Influence of Japanese Woodblock Printing on Impressionists

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  • 0:01 Japonisme
  • 0:27 Japanese Woodblock Prints
  • 1:29 Woodblocks and Impressionism
  • 3:39 Lesson Summary
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Lesson Transcript
Instructor: Christopher Muscato

Chris has a master's degree in history and teaches at the University of Northern Colorado.

In this lesson, you will explore the French artistic style of impressionism and discover how Japanese woodblock prints inspired French artists. Then, test your understanding with a brief quiz.


Japan is very far away from France. Yet, in the 19th century, Japanese art came to have a tremendous impact on French art. So much so, in fact, that the French invented a word to describe the Japanese artistic aesthetic and style, called Japonisme. In English we might call this 'Japanification', 'Japonism' or 'Japonesque'.

Japanese Woodblock Prints

The French fascination with all things Japanese really comes down to a certain product: woodblock prints. These were cheap images, quickly produced and printed using a woodblock, or a carved piece of wood painted with ink that was pressed onto paper. For prints of multiple colors, different blocks had to be used - each one only pressed a single color onto the page. However, this meant that woodblock prints were reproducible, and printers could make several copies of a single image. This, in turn, made them cheap, and French markets were flooded with these affordable images.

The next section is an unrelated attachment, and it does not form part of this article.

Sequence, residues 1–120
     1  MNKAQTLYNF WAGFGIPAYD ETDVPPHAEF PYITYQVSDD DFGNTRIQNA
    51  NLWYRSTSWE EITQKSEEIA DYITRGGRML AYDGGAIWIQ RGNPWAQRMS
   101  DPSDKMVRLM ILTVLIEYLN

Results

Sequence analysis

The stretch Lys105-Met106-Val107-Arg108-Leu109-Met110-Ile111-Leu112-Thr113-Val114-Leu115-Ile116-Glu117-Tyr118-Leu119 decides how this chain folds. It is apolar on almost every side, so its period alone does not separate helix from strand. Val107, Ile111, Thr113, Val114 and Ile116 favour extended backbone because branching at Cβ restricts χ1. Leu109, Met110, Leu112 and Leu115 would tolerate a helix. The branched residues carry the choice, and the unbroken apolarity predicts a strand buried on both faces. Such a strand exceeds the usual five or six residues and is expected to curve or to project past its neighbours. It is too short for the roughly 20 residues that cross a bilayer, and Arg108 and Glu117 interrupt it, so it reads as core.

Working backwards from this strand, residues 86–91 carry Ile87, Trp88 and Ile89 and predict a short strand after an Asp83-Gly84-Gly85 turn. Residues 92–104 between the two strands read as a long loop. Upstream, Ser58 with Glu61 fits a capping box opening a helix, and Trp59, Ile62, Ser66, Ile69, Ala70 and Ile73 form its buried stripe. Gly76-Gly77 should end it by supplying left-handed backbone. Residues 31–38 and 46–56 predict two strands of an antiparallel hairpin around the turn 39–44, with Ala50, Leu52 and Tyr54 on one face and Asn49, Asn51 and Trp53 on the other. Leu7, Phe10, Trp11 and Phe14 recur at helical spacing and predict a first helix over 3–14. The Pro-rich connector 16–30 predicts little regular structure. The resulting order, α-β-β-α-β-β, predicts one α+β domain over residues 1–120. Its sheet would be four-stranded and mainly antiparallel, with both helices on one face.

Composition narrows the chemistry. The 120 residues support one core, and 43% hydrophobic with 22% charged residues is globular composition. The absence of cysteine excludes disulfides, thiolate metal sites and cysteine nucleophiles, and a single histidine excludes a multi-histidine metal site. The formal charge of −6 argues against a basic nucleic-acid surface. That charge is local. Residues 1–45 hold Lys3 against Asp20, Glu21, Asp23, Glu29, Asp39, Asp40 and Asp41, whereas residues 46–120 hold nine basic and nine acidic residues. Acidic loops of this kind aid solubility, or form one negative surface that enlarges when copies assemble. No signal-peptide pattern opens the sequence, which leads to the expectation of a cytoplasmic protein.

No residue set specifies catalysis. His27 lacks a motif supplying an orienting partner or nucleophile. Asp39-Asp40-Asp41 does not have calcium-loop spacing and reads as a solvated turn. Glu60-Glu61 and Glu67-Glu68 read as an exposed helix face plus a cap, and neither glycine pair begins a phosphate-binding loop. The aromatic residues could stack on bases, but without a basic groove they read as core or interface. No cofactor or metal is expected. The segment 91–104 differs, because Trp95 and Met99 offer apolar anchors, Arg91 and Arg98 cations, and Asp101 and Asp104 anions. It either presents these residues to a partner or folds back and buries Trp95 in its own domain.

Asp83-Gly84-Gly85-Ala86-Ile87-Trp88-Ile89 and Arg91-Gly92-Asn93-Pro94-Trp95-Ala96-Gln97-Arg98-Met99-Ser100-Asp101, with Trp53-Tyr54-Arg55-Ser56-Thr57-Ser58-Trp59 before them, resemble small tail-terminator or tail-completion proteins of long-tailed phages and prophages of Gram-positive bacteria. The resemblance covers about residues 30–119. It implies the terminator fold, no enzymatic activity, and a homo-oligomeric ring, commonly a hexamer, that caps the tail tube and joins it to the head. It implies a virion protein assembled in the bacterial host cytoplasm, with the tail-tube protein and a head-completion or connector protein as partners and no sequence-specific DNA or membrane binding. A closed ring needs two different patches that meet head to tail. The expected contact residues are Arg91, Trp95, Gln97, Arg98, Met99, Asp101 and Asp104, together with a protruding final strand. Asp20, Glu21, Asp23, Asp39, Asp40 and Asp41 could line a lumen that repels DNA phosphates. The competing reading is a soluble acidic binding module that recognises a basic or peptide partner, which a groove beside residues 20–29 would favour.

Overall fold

Stylistically, Japanese woodblock prints had a unique look. Since it was difficult to create much depth, and since too many patterns or colors would be very time consuming, these prints featured large areas of flat space, broken up by sharp lines. There was also a trend to create scenes viewed from above, looking down at the subjects from an angle.

Woodblocks and Impressionism

The French really liked Japanese prints, and French artists found them simply fascinating. The impressionists especially found inspiration in these affordable images. For one, they already shared a few traits. Both artistic styles focused on scenes of daily life and focused on the physical surface of the art as much as the subject. The impressionists encouraged people to focus on the canvas through blurred lines and brushstrokes that only revealed an image when seen from a distance. Woodblock prints did this with the flat surfaces and printed layers of color. It wasn't long before artists began to draw inspiration from these prints.

Impressionists found inspiration from Japanese woodblock prints
Painting by Edward Degas and Woodblock print

Look at these two images, notice anything similar? For one, the subject, a woman bathing, is a scene of everyday life. The image on the left is called The Tub, painted by Edgar Degas in 1886. Besides the subject, Degas took a few other ideas from Japanese prints. Look at the large, flat surface that dominates the right half of the image and breaks up the piece or the perspective of looking down on the scene at an angle. Even the almost outlined look of the woman; all inspired by Japanese prints and used to help capture the feeling of a single moment in art.

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